Bad Pirate by Kari-Lynn Winters and Dean Griffiths“Among the sea dogs (literally dogs in pirate clothing) on her father’s ship, August Garrick is a very bad pirate. Her kind, polite, and helpful actions win her a lecture. “To be a good pirate, yez gots to be saucy,” says captain Garrick. “And yez gots to be bold. But most important, me sea pup, yez gots to be selfish!” Scully, a bull terrier with a wood leg, will see to it, or the captain will feed him to the fish. So Augusta throws Scully’s peg-leg out a porthole while he’s sleeping, hoping this selfish act will make her father proud. That night a terrible storm comes up and rips the sails. The ship lists and takes on water. Just as the crew is ready to abandon ship, Augusta climbs the rigging and takes charge. “Less speed!” she calls. “Lads, help me reef the sails!” They obey her, and the ship is saved. Her proud father hugs her. “Augusta, yez be the best pirate I’z ever known—saucy, bold, and selfless!” This book with its nautical terms and pirate speak is a delight to read aloud. The full color artwork is rich in detail, and the expressive canine faces of captain and crew will bring smiles.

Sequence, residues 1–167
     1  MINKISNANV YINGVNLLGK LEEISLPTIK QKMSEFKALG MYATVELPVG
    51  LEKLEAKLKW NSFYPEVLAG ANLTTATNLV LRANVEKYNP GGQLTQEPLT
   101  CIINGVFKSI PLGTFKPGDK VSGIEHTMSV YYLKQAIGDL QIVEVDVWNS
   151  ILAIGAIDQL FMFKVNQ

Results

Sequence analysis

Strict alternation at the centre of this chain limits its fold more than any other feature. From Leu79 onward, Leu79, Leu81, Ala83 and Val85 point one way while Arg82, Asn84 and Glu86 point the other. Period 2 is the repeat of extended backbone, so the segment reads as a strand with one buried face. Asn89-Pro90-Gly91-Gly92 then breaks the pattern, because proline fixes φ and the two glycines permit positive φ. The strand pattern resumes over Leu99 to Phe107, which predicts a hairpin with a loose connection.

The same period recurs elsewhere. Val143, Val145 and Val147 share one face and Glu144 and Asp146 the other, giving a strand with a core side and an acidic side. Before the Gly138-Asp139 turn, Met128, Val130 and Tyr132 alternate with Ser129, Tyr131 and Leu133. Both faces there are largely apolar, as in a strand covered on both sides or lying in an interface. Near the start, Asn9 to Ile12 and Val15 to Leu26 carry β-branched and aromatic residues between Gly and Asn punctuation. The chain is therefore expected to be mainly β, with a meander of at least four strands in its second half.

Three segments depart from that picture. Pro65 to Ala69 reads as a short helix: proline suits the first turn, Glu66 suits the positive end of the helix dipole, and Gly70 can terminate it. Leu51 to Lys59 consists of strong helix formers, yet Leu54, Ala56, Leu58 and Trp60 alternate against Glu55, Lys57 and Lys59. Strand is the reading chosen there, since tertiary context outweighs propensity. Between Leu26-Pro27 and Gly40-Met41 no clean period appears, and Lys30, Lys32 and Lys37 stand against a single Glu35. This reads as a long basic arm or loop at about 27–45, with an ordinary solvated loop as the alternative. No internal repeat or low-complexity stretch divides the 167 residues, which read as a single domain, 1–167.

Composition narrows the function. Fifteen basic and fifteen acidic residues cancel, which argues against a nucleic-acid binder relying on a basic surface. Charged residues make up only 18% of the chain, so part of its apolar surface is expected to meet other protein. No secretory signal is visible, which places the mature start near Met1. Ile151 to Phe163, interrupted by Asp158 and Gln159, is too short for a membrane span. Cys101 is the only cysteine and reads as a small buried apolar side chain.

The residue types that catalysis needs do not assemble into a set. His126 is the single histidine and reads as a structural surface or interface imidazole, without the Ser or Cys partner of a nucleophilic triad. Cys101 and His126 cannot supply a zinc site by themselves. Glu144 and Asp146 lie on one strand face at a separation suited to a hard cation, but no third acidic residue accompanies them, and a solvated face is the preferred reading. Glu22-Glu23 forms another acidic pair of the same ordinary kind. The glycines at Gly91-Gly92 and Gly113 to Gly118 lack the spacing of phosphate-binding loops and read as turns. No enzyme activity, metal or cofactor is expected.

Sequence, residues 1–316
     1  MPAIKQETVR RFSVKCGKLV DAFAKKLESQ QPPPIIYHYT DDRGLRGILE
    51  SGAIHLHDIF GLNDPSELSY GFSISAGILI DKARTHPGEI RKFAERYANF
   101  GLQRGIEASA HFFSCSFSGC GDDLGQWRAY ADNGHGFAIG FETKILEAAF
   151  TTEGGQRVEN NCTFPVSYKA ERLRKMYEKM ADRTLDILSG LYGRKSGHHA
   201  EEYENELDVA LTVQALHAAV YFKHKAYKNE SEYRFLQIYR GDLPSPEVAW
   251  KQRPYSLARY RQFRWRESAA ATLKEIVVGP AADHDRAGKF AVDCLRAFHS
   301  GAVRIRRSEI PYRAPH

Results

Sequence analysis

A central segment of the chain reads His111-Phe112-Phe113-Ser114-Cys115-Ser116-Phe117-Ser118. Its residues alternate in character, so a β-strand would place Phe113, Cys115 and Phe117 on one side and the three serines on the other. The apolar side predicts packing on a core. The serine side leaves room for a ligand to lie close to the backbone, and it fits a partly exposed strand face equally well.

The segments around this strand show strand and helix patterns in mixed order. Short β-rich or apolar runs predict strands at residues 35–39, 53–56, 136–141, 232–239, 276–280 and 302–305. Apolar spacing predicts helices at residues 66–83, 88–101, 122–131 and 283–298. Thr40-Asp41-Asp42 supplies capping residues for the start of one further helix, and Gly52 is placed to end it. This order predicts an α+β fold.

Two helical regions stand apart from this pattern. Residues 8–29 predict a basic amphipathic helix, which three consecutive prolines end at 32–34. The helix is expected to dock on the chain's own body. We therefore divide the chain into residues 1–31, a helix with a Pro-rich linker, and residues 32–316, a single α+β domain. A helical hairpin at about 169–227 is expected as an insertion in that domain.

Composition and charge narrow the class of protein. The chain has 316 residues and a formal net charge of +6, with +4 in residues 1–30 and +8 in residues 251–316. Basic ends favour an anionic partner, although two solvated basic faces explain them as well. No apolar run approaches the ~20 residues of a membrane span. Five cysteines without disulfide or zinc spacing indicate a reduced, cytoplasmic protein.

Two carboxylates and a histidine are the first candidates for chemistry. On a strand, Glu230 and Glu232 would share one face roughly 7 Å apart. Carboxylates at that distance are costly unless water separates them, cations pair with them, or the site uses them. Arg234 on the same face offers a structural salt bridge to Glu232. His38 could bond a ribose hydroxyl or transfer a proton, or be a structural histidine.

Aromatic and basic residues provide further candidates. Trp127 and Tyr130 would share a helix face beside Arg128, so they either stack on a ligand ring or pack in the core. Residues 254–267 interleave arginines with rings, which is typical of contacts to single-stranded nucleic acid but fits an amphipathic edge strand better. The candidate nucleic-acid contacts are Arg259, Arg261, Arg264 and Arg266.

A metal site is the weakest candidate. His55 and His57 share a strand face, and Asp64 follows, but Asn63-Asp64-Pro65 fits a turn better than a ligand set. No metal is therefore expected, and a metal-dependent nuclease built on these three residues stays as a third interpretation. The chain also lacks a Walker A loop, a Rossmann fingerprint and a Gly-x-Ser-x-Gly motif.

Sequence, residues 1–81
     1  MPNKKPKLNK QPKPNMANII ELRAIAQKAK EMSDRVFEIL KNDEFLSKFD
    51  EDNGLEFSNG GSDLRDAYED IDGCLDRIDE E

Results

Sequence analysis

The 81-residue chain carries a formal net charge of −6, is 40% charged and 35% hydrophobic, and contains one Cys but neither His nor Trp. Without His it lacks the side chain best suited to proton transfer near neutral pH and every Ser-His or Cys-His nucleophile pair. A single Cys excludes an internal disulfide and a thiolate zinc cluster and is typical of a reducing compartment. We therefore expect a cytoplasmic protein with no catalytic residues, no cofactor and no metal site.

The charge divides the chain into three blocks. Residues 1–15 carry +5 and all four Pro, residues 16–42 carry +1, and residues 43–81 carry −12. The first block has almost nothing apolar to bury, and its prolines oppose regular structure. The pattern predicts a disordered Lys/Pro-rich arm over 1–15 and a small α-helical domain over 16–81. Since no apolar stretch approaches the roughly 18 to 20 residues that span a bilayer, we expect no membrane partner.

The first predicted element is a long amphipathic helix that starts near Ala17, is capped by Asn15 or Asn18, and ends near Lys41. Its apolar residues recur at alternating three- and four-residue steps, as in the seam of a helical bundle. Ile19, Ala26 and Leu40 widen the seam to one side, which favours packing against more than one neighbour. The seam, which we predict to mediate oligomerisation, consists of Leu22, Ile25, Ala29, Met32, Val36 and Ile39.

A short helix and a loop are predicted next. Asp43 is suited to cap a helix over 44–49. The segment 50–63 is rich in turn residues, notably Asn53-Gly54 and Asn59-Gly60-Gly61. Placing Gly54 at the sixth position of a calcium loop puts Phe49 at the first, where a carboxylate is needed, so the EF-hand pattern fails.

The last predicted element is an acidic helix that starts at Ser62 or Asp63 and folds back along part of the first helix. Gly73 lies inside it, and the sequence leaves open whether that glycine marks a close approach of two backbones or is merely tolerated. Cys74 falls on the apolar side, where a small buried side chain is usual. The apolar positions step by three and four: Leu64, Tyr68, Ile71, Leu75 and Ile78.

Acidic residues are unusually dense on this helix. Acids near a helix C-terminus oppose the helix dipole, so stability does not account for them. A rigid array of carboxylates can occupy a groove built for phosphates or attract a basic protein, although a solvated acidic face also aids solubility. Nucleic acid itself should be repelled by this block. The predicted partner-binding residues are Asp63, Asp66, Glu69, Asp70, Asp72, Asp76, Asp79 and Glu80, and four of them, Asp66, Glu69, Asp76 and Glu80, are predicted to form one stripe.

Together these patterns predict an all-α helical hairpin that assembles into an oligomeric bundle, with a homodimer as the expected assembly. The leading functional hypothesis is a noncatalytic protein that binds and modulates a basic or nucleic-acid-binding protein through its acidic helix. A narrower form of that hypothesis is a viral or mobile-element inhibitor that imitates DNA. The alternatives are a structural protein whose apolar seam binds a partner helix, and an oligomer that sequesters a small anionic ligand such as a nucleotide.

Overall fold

VERDICT This seagoing tale with its endearing heroine will be a sure hit with youngsters.”

Through the Looking Glass reviews Princess Pistachio

Posted on July 6th, 2015 by pajamapress

Princess Pistachio, an early reader by Marie-Louise Gay“Young readers are going to love this amusing chapter book, which introduces us to a girl who is sure that she is a princess who is being raised by the wrong family. It is amusing to see how Pistachio deals with her naysayers, and how she learns that there are actually more important things in life than being a princess.”
—Marya Jansen-Gruber

Click here to read the full review.